Numerous studies have cited the health benefits of strong relationships.
In one study of 309,000 people, it was determined that “lack of strong relationships increased the risk of premature death from all causes by 50%.” Where the focus is normally on healthy physical habits, diet, and exercise, this study underscores the even greater need for healthy relationships.
This applies not only to personal relationships with friends and family; it extends to relationships you have in the community and in the workplace. A growing concern among educators and others who work with children and young people is a breakdown in socialization skills. Technology has impacted social development; and this impairment presents itself as limited concentration, increased impatience, inability to cope with stress, and an overall withdrawal from real-world face-to-face communication.
As a business owner, you are beginning to see the impact in your workforce. This is new territory.
And yet, it is not.
While the basis is new (addictive technologies), the premise is the same. As a leader, one of your biggest challenges in the workplace is what it has always been: communication.
How can you help these new members of your workforce grow in the areas of communication and leadership?
1. Start with where THEY are.
These new entrants into the workforce are people, just like the veterans. And while they may communicate differently, they do have ways of communicating and connecting. This may mean adjusting your methodologies a bit in how you communicate with them – quick texts and chats versus lengthy emails and memos.
2. Bring them to where YOU are.
As a strong leader, you have acquired good communication skills. If you think about it, when you first started, communication may have been a challenge for you as well.
But you learned by
- Being asked questions and accepting the challenge to respond
- Leading a group project or initiative that required you to directly communicate with your team
- Growing into a role where you were required to negotiate with vendors or deal with difficult customer or client issues
- Speaking to small groups and then larger and larger audiences.
- Going out into the community to serve as a networking ambassador for your organization
But here’s the thing…you didn’t go from your first day on the job to negotiating, speaking, or networking immediately. These are roles you grew into, step by step.
It is likely that you had strong mentors along the way – leaders who knew how to challenge you to extend your comfort zone while developing you within your strengths zone.
Now it is your turn to mentor.
Start by asking questions and allowing your new team members to research, think through solutions, and then verbalize their responses.
If they make a mistake (and they will, because everyone does), help them break it down into what went well and what could have been done better. In a society of immediacy, this teaches them that the best resolutions come after this thought process occurs. More importantly, it begins to strengthen their problem-solving skills, which helps them grow stronger and more confident in decision-making.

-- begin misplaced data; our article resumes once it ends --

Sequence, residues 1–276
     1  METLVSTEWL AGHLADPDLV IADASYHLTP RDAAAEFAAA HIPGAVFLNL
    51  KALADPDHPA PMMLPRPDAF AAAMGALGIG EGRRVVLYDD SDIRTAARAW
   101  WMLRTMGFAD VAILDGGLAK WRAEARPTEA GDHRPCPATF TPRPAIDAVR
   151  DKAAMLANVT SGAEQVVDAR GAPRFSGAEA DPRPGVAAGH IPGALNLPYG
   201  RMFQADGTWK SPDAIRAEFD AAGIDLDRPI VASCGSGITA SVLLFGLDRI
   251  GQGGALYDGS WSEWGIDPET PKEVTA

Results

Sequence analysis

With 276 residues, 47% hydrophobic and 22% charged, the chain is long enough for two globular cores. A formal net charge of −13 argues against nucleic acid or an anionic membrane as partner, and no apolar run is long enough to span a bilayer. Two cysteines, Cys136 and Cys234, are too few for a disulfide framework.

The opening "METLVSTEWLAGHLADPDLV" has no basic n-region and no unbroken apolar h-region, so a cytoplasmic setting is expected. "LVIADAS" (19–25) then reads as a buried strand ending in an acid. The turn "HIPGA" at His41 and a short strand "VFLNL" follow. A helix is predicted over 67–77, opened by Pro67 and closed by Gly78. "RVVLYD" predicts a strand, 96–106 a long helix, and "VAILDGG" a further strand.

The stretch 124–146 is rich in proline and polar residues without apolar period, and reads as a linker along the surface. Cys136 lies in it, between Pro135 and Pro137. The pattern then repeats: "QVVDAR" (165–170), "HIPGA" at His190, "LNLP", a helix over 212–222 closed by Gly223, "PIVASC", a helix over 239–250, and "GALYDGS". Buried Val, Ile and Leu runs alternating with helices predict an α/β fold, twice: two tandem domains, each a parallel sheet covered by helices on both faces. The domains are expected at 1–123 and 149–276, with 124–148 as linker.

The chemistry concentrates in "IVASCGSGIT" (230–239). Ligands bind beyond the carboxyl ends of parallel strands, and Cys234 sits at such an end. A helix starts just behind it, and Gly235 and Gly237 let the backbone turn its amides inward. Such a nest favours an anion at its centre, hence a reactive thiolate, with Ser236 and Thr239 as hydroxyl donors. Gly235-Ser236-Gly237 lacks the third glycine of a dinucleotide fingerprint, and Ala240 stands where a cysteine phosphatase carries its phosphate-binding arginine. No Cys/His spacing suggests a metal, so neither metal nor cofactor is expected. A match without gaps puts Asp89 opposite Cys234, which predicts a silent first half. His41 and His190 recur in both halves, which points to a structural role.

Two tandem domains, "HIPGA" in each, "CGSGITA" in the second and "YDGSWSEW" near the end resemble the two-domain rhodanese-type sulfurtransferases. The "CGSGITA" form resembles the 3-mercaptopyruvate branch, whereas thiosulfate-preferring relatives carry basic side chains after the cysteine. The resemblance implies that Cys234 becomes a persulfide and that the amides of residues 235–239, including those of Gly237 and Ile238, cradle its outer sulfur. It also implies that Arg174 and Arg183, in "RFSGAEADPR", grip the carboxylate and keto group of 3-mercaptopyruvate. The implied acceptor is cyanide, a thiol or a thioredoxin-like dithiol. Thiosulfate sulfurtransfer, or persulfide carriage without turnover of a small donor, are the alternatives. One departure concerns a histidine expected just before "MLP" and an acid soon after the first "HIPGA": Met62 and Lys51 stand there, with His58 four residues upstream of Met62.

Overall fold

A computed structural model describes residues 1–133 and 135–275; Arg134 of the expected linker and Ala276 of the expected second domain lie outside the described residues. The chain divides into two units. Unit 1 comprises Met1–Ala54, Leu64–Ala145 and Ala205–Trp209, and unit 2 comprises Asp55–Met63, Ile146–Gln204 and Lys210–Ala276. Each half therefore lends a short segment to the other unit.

As they develop the skills for communicating and decision-making, escalate the challenge by giving them an assignment to lead their team on a project or initiative.
This not only grows the employee; it also helps them gain respect among their team members. It is important that you, as a leader, know the person and their strengths so the project or initiative is one they will excel in leading. This is not about making it easy so “everyone gets a trophy.” It is about helping them find their true value by overcoming a challenge in an area that is true to their strengths. It is about helping them earn that trophy that is uniquely theirs.
The bottom line is that you are not in a leadership position to build employees who will do what they are instructed to do. Your greatest success will be when you have built leaders who know what to do and are strong enough to face challenges, make solid decisions, and communicate effectively.
In mentorship, you will find leadership legacy. And in being mentored, your new recruits will grow and experience true success, while developing strong relationships.
For some great resources on how you can better communicate with and grow your team, click here to learn about the Maxwell Method of Communication Impact Report.
As the CEO of Strength Leader Development, Deb Ingino is a highly sought-after international executive mentor, coach, trainer and speaker. Deb is well versed in global business operations and helps business leaders and their teams to discover and leverage their strengths, so they can create highly collaborative teams that deliver great results. With a refreshingly direct style, Deb helps leaders and their teams to deliver profitable results. Connect with Deb to learn more about her mentorship and coaching programs to equip you with advanced strategies to elevate your results.